ROCHESTER, N.Y. (WROC) — You can never be too careful when it comes to walking on the lake ice, especially right now with the weather still expected to be so warm over the next several days. Which is why when I spoke to the U.S. Coast Guard station in Rochester, they told me that while it may be tempting to go out on the ice it’s important to know how to do so safely, or don’t do it at all. 

No ice is safe ice, according to Petty Officer Lucas Weston from the U.S. Coast Guard Rochester Station, who says that it’s important to be as familiar as you can with the current state of the ice before venturing out on it. 

“If you go out, take a pair of ice sole with you, or something that if you do fall through it can assist you to get out,” Weston said. “When you go out on the boat, let someone know that you’re going out on the ice, where you’re going, how long you plan on being gone, and if something does happen, they can reach out to us or another emergency service.”

A typical rule of thumb to follow is to stay off any ice that is two inches thick or less, especially if you have any heavy ice fishing gear or multiple people with you. Ice that is four inches thick or more is your safest bet to know you can at least stand and sit on it safely. 

“Knowing your general area where you’re going to be fishing is the best way to know. If you have any hesitations about the thickness of the ice, we definitely recommend not going on it,” Weston says.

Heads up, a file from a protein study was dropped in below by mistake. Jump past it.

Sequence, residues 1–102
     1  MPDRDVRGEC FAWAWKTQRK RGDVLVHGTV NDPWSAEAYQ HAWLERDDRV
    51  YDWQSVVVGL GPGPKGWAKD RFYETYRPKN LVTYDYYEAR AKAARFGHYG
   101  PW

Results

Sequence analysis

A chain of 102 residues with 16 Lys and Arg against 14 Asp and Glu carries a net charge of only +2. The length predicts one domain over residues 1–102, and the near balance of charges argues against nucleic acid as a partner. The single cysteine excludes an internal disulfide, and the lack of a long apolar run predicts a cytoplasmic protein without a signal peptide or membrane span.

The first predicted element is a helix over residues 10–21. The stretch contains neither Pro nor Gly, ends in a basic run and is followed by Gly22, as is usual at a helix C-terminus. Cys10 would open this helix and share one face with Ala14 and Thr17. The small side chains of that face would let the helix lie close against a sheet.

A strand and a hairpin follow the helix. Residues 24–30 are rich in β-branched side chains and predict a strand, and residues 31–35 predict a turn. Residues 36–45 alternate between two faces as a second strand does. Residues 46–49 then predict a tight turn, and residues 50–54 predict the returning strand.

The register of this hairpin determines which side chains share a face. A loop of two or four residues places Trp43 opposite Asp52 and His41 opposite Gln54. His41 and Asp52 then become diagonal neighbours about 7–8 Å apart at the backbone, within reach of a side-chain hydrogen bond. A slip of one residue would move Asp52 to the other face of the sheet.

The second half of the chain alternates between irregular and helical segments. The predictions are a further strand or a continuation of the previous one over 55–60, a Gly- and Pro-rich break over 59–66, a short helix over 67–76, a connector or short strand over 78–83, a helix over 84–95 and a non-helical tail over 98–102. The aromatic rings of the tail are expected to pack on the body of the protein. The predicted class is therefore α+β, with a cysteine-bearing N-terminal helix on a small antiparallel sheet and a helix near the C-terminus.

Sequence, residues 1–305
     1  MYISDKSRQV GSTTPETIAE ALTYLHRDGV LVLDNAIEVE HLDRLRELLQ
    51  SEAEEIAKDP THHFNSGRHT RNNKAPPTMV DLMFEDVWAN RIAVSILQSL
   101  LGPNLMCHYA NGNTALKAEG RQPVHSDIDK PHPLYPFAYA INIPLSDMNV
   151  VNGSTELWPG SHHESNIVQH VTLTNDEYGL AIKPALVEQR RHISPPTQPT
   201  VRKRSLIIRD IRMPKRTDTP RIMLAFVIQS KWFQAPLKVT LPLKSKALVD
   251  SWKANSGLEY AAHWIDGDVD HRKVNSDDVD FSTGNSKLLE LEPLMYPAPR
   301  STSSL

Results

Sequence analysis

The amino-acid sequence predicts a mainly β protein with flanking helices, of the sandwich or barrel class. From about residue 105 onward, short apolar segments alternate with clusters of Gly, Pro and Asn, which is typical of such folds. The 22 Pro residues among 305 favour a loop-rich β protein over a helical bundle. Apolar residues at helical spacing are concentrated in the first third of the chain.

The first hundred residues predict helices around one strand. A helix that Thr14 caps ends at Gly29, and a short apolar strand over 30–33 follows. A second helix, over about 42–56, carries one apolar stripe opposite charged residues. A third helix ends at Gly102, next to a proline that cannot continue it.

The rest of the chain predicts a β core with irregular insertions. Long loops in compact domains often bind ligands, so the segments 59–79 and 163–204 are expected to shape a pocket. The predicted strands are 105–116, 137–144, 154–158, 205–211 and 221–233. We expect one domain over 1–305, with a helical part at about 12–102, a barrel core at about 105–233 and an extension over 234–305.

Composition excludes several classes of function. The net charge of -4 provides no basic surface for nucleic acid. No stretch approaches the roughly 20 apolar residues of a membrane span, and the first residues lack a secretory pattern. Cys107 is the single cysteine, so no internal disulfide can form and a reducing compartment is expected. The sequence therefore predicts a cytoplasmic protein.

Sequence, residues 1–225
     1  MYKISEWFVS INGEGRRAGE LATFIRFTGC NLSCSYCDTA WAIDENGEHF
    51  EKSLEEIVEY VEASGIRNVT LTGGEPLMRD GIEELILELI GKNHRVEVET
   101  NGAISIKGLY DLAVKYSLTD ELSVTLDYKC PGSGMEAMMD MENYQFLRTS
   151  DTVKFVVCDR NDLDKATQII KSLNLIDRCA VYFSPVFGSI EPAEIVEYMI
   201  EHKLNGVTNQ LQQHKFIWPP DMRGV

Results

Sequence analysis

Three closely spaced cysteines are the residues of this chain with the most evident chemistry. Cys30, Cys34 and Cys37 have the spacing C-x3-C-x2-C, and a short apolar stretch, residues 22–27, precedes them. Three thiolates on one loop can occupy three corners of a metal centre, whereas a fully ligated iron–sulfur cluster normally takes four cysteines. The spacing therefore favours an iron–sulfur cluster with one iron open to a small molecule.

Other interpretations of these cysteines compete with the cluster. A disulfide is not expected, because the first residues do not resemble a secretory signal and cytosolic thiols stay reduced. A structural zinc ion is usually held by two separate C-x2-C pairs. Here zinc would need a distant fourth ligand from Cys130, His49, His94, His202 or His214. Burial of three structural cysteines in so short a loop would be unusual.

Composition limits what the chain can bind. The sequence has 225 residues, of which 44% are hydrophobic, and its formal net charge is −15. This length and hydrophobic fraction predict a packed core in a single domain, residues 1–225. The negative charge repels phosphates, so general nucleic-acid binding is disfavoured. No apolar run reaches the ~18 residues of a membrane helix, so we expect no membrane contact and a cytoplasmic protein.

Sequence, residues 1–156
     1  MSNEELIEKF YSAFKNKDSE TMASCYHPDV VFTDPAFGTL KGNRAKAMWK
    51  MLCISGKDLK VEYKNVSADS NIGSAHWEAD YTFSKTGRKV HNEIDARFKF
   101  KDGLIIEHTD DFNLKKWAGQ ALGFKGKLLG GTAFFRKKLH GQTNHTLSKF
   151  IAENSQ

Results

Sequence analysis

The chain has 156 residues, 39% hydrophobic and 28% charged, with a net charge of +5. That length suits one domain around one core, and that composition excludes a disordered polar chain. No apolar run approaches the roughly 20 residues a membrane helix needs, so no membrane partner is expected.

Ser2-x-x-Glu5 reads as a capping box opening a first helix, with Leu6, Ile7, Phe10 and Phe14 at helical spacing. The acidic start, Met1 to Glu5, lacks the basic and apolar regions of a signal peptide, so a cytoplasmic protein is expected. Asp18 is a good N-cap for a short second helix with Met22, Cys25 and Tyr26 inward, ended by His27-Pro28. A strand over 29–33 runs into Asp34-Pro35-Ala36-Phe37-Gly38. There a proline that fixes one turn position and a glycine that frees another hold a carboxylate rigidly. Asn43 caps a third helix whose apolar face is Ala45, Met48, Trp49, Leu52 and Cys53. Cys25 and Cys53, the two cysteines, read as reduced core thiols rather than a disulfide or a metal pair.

If you do happen to fall through thin ice, the most difficult and important thing to remember is to not panic.

“It’ll take a little bit of time because you’ll get that cold shock to get your breathing under control, but once you have that and calm as you can be in that situation we recommend you turn and face the direction you fell in because that will be the strongest ice, try to boost yourself up being low to the ice as possible and rolling way,” Weston says.

It’s also recommended for those ice fishing to wear a life jacket, because it can significantly increase your survival rate if you do fall through. And it’s safe to say that no ice on Lake Ontario is safe to walk on right now with an estimated thickness of two inches or less, so while that may be enough to hold up the birds, it’s definitely not enough to hold up a person.